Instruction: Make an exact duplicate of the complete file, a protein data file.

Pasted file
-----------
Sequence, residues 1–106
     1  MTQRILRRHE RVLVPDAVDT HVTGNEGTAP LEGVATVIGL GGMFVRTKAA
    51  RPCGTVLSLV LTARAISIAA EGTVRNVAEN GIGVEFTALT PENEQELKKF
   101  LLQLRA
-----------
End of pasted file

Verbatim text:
Sequence, residues 1–106
     1  MTQRILRRHE RVLVPDAVDT HVTGNEGTAP LEGVATVIGL GGMFVRTKAA
    51  RPCGTVLSLV LTARAISIAA EGTVRNVAEN GIGVEFTALT PENEQELKKF
   101  LLQLRA